There are grapes growing along the drive opposite the oleanders.
They’re purple wine grapes that make good eating – an explosion of sweet juice in the mouth giving way, however, to a residue of seeds and skin which I usually spit out.
The trick is to put several grapes in your mouth at once.
The oleanders along one side of the drive are like a guard of honour every year.
A lot of the flowers aren’t open yet so there’s even more colour to come.
This pink oleander bloom smells as good as it looks.
The oleanders are in flower now, all down one side of the drive.
Yesterday and today being respectively my birthday and Clive’s, I’ve had cause to visit our postbox 😉
What was my surprise to see right in front of it, on the very edge of the drive where the post van draws up close, this beautiful orchid.
There are others around the place, but this one was a particularly special gift.
The photo shows our drive in November, wending away from the house.
A year ago to the day, with the help of two friends, we drove up it on our way to Britain for Clive to have treatment for his lymphedema.
He didn’t come home for more than 9 months. When he did return, almost 3 months ago, he was deposited on the sofa, unable to walk. He still can’t walk – can’t even get on his feet – and his world consists of everything he can see from that sofa.
In the next few posts, as I follow the anniversaries of those fateful few initial days, I’ll recount how it all came about.
Gabions are an Italian invention – the word means large cages – but when we asked for these to be erected, none of our Italian workforce recognised the name.
These gabions are holding back a very tall bank which we cut into in order to make a turning place in what was otherwise a 300 metre blind single-track drive.
The mesh cages were filled ‘in situ’ with rocks, some of which we bought, and others of which we ‘lifted’ from the environs.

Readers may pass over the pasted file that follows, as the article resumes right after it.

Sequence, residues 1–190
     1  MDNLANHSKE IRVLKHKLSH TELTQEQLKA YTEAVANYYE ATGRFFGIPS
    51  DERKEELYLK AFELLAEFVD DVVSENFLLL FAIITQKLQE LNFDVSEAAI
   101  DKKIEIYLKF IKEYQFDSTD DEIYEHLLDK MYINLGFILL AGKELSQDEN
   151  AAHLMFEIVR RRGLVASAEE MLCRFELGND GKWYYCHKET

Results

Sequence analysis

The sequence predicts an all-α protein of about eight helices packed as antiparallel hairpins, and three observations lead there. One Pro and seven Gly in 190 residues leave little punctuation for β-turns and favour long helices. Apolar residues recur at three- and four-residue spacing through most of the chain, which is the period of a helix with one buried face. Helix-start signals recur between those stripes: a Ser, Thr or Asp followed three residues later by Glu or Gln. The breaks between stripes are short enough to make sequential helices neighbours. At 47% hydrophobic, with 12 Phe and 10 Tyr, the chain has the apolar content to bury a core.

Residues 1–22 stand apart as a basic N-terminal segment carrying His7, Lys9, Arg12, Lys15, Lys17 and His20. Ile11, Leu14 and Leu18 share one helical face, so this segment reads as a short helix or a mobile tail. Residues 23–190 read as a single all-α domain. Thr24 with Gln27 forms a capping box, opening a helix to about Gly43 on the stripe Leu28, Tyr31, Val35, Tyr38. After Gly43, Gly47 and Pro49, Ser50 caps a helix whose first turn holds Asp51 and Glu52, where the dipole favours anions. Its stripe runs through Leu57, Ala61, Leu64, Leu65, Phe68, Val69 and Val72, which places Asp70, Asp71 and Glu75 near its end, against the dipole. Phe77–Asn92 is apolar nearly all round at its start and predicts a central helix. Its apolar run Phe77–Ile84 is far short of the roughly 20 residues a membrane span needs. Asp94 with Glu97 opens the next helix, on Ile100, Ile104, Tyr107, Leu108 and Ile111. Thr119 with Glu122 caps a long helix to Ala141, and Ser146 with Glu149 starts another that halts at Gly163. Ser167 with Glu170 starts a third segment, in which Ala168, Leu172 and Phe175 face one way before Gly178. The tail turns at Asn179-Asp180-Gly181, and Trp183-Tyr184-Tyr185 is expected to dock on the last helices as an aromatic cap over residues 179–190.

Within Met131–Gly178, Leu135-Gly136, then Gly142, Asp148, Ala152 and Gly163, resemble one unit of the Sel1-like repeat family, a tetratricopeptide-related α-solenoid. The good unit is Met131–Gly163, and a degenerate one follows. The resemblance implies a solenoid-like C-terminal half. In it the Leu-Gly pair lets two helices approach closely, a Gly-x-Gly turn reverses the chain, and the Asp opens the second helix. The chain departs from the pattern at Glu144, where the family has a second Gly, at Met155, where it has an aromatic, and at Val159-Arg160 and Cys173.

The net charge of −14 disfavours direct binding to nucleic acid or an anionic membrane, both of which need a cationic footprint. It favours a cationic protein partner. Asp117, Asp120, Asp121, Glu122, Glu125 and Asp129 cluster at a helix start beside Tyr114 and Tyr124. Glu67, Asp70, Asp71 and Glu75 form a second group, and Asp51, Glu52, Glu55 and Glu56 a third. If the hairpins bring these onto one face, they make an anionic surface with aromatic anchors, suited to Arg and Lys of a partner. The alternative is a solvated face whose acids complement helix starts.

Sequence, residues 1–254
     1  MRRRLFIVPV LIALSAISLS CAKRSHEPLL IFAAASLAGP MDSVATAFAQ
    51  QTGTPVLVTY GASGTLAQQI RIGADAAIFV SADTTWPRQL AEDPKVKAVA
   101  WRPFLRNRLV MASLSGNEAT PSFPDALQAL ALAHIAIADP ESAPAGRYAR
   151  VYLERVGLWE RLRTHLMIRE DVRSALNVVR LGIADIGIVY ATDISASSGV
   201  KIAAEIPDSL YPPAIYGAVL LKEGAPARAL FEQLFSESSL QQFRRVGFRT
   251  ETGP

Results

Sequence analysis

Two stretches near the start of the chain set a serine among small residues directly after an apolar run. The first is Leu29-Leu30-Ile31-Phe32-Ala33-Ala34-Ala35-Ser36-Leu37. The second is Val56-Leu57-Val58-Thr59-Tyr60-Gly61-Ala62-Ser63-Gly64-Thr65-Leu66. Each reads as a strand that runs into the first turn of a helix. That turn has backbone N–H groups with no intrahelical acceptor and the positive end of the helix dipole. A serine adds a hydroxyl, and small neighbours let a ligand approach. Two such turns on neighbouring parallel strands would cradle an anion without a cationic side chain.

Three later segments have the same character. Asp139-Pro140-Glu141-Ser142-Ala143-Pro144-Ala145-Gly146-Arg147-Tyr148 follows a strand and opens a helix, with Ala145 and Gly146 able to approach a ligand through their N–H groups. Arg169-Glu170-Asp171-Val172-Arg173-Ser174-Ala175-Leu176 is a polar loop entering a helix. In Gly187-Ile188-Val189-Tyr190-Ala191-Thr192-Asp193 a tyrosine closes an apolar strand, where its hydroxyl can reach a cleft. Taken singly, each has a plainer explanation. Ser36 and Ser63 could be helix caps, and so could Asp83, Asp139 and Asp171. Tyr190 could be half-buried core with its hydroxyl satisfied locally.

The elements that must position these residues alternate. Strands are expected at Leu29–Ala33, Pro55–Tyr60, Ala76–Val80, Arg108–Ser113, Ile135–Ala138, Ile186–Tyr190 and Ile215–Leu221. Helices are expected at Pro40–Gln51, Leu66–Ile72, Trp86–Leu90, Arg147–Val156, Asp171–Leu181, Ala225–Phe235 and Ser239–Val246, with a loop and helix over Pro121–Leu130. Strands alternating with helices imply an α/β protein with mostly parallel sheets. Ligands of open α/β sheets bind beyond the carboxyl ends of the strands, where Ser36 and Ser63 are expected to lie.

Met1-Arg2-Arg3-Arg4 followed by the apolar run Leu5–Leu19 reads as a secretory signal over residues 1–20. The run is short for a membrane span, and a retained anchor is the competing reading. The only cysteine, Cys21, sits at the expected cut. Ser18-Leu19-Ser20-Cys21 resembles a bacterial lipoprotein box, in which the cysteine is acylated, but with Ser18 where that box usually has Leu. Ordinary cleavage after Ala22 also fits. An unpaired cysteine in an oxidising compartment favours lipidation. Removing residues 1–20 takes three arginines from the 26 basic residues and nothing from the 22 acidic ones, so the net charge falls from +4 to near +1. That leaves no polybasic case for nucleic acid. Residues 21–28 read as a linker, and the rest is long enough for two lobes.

The structure wasn’t the most beautiful thing to start with, but we planned to get climbing plants growing up it straight away.
The main problem with the site is that the water table is very high at certain times of year: dig and your hole instantly floods.
Lavender doesn’t flourish there, probably for that reason. Sweet peas are quite happy, though.
We had a very small wisteria which we nicknamed ‘the stick’; it grew a little bit and then died.
The red rose chugs along.
The white rose is a different story. When we bought it, we were told to ‘stand back’ after planting it or it would knock us over, it grows so fast.
After 5 years it ‘owns’ the gabions, reaching right to the top. It doesn’t need pruning, and it attaches to the mesh all by itself.
It blooms only once a year, but its foliage is always fresh and green.
The photo shows our own private landslip, one of Galileo’s favourite places to play.
It’s where a gate would slide across if ever we had one, in a part of the drive widened by cutting into the bank.
The gabions (wire cages) filled with stones do a wonderful job of holding back the rest of the bank.
But landslips, including ancient ones elsewhere on our land, aren’t always predictable and contained.
On the road to Foligno last Tuesday, a landslip went right across one carriageway and carried a house with it.
Nine families were evacuated from their homes just in case.
The road is still closed today so we went in the other direction to do our shopping to avoid the traffic jams along the diversion.
I dare say there’ll be many more consequences of this extraordinarily wet spring.